The Parenting Club, Daddy Privilege and Mommy Martyrdom

Your parenting club membership comes with an invisible package of privileges that we all are guilty of using at times: “Oh, I wish we could, but little Sarah has a thing that weekend. This parenting gig is 24/7 you know.”

What about within the club? A man sharing parenting responsibilities with his partner is often portrayed as some kind of mythical, awe-inspiring unicorn; a woman who changes the oil for the family car is depicted as a badass domestic diva.

In reality, it all has to get done and someone has to do it. Pick something from the infinite to-do list that matches your individual skill set, slap a gold sticker on the poster, and bam — you’re a rock star. Now get back to work. These kids aren’t going to raise themselves.

Yes, of course we should celebrate and respect any parent who is giving and resourceful, but can we please stop giving out trophies for showing up?

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Silent Sisterhood—The Space Between Blackness and Whiteness

My raw, emotional response when I see the words Dear White Woman (or something similar) is to feel defensive, resentful, hurt or misunderstood. Before I even read it, I suspect the seemingly friendly salutation holds no real affection since the implication is we are all just alike.

Perhaps I would be more open to it if there were some specifics: a letter to the white woman who did or said __________. Instead, I feel like a preschool child who loses recess because one kid wouldn’t stop talking. Group discipline is not for grown folks.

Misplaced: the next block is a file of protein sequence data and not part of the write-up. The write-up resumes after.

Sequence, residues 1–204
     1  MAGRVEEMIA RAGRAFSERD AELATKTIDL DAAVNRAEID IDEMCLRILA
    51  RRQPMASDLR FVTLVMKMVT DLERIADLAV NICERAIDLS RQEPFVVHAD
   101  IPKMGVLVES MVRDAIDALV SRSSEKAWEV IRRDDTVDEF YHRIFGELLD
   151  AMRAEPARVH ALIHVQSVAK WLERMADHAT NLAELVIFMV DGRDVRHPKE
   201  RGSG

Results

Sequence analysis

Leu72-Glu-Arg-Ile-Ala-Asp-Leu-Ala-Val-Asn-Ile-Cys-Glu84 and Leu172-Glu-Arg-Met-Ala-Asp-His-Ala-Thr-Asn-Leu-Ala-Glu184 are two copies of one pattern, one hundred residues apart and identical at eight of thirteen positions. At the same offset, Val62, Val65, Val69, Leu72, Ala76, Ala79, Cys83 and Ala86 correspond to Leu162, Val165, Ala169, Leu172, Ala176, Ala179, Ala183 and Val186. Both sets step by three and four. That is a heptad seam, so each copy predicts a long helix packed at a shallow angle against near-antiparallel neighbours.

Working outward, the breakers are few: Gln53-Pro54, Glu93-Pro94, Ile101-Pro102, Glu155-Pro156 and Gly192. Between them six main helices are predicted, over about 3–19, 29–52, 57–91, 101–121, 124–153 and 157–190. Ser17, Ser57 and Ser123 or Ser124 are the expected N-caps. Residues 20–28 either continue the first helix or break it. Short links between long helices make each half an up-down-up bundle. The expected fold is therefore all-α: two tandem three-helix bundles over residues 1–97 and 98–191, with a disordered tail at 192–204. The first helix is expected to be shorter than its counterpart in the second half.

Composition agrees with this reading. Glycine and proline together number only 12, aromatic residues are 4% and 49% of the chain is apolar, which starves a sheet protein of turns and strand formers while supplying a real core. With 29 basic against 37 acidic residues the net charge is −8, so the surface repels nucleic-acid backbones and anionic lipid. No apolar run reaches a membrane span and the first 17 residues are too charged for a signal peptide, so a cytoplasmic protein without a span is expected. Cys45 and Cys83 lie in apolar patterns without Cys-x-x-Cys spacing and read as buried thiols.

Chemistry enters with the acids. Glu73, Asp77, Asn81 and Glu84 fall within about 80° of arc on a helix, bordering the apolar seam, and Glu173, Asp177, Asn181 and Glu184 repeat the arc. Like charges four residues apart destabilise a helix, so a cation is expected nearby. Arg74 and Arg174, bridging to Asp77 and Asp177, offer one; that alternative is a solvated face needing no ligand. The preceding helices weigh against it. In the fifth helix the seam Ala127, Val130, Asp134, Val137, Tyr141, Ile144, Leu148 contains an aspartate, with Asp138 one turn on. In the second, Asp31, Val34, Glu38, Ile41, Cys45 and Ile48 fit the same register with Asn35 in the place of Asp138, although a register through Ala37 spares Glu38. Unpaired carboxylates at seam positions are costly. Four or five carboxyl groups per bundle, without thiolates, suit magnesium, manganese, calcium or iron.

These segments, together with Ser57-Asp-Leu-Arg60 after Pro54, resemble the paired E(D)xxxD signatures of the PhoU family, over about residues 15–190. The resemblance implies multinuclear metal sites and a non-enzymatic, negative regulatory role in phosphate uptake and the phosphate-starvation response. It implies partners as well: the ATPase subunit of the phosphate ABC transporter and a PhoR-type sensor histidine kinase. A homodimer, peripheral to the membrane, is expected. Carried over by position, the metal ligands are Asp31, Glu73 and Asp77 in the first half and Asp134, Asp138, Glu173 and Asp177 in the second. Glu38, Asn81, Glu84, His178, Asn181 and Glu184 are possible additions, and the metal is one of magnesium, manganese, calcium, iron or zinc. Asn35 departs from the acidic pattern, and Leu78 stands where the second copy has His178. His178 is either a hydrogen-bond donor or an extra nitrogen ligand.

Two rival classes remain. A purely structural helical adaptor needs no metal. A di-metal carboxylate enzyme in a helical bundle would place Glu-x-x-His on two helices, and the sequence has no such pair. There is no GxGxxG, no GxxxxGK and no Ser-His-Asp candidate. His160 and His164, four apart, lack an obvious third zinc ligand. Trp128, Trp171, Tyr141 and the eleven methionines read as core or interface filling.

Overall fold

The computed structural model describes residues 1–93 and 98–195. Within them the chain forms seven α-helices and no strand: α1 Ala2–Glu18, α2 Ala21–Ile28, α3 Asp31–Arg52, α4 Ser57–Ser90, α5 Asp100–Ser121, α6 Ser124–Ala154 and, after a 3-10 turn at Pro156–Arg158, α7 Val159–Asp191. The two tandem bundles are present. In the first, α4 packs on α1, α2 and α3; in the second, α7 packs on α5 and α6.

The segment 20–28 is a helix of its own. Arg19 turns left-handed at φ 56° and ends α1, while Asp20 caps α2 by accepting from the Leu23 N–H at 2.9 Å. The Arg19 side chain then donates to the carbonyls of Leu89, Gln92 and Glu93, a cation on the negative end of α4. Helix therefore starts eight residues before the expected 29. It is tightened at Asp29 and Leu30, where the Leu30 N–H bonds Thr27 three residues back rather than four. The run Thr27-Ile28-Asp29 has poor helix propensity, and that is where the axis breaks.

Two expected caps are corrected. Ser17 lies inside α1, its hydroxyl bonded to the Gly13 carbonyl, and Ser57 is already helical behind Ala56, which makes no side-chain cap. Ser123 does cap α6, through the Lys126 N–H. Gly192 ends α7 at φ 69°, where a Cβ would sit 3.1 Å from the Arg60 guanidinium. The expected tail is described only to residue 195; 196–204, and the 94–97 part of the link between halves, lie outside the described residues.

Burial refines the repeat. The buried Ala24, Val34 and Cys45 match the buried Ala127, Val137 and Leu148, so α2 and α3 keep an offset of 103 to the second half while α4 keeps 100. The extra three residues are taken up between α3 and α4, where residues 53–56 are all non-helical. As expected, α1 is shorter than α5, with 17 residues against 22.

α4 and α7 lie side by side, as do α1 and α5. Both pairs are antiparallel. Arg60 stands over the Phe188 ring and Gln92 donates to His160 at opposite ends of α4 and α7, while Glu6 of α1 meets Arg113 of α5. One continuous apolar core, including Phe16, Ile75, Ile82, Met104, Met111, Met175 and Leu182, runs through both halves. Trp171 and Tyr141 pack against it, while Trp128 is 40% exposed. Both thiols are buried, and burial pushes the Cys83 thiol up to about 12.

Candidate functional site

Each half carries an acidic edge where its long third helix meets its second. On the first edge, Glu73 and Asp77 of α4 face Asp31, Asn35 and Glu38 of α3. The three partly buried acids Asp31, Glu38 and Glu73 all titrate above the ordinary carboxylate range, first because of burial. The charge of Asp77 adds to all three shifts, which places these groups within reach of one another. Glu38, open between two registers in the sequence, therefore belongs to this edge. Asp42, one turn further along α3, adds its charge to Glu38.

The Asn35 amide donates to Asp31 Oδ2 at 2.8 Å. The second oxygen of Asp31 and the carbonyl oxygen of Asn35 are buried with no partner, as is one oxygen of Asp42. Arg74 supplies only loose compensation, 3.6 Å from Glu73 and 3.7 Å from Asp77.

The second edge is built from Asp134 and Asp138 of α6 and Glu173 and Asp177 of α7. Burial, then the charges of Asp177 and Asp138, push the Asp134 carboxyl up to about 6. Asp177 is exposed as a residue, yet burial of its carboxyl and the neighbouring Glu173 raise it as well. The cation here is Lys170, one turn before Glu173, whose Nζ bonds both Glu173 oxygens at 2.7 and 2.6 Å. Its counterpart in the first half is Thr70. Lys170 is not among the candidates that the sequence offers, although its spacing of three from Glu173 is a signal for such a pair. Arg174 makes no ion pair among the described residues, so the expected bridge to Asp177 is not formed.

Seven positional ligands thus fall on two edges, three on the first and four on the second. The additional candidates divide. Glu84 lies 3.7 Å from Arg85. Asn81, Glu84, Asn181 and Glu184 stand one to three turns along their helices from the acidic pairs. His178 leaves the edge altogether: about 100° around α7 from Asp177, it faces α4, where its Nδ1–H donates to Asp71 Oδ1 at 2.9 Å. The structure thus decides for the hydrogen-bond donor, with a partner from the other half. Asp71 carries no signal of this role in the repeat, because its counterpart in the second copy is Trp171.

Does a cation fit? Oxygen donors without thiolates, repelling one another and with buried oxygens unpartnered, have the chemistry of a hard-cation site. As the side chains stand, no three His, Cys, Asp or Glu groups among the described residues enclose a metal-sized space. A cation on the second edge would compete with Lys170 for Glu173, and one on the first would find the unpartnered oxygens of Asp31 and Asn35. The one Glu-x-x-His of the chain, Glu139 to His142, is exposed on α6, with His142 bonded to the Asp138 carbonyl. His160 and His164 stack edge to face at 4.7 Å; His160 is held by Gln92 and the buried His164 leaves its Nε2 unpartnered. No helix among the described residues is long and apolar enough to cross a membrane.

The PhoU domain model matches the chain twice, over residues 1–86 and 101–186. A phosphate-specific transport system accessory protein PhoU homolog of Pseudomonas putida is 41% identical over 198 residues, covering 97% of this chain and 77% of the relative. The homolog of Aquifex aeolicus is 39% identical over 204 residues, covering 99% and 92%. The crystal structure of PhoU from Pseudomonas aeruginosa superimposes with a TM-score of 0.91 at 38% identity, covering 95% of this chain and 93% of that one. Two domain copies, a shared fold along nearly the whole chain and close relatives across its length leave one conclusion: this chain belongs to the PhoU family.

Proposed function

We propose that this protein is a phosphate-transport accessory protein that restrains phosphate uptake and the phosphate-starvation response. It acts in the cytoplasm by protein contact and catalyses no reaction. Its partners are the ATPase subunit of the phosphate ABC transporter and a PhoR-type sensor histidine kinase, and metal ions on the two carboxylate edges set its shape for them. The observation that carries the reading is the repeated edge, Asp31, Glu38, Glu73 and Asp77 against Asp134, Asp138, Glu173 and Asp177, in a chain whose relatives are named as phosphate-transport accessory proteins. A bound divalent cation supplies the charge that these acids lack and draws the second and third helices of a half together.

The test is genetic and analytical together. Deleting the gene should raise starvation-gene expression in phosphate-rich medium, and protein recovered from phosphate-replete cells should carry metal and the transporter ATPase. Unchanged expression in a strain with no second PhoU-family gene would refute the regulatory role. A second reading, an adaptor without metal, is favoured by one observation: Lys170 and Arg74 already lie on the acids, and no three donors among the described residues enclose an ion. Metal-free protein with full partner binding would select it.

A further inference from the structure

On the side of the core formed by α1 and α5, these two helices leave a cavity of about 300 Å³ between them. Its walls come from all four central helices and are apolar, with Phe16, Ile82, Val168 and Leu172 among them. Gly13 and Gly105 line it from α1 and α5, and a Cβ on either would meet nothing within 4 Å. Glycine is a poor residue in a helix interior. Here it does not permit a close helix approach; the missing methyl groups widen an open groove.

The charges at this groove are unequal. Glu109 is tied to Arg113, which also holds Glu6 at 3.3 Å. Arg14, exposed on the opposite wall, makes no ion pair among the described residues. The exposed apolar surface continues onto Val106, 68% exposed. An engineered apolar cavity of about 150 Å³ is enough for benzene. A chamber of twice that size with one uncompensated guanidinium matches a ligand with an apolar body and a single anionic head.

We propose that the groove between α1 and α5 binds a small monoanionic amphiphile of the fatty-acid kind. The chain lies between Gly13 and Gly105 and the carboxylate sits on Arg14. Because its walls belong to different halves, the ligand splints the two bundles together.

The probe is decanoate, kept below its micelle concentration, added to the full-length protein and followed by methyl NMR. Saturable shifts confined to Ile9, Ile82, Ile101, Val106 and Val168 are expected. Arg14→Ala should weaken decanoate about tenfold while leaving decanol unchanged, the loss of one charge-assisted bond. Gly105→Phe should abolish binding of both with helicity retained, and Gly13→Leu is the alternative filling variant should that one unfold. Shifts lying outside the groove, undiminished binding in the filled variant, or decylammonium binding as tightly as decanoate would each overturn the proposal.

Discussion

Yes, I take it personally. In that moment, I’m 8 years old and my Dad just called me out by my first, middle and last names—a surefire sign that what comes next is not going to feel good. I want to put my fingers in my ears and pretend to shut out the sound. In reality, I can hear you loud and clear–so I come anyway with my heart in my hand.

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Make It Happen–Cross the Boundaries of Selective Sisterhood


The theme for International Women’s Day this year is make it happen. It’s a call to action. For me, it’s also a powerful reminder that sisterhood is not about membership; it’s a relationship—an active, radical, empathic bond based on shared experiences and concerns. And it isn’t singular. Women share all kinds of “sisterhoods” –connections based on day-to-day life interactions.

I remember being taught as a child that food, shelter and clothing were necessary for survival. Everything else was want—and it was optional. It informed my view as I learned to navigate the world, deciding who needed or wanted me in their lives.

My own journey beyond the boundaries of selective sisterhood required a new understanding of the difference between sympathy, empathy and compassion. My definition of “need” was forever altered in the process.

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The Sisterhood of Poverty

mosaicbwasAccording to the Poverty Data Fact Sheet, there were almost 18 million poor women living in the United States in 2013: White, 8.62 million; Black, 4.08 million; Hispanic, 4.17 million; Asian, 0.78 million; Native American, 0.34 million; and Foreign Born, 3.78 million.

If you isolate heads of household, there were 4 million: White, 1.34 million; Black, 1.36 million; Hispanic, 1.11 million; Asian 0.07 million; Native American, 0.08 million; and Foreign Born, 0.77 million.

Most articles citing poverty statistics focus on disproportionate rates by race and gender. Of course that is a critical concern, but in terms of sisterhood, there is one core truth to keep in mind—a person is not a data point.

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Scrape Off the Divorce Baggage Labels and Reclaim Who You Are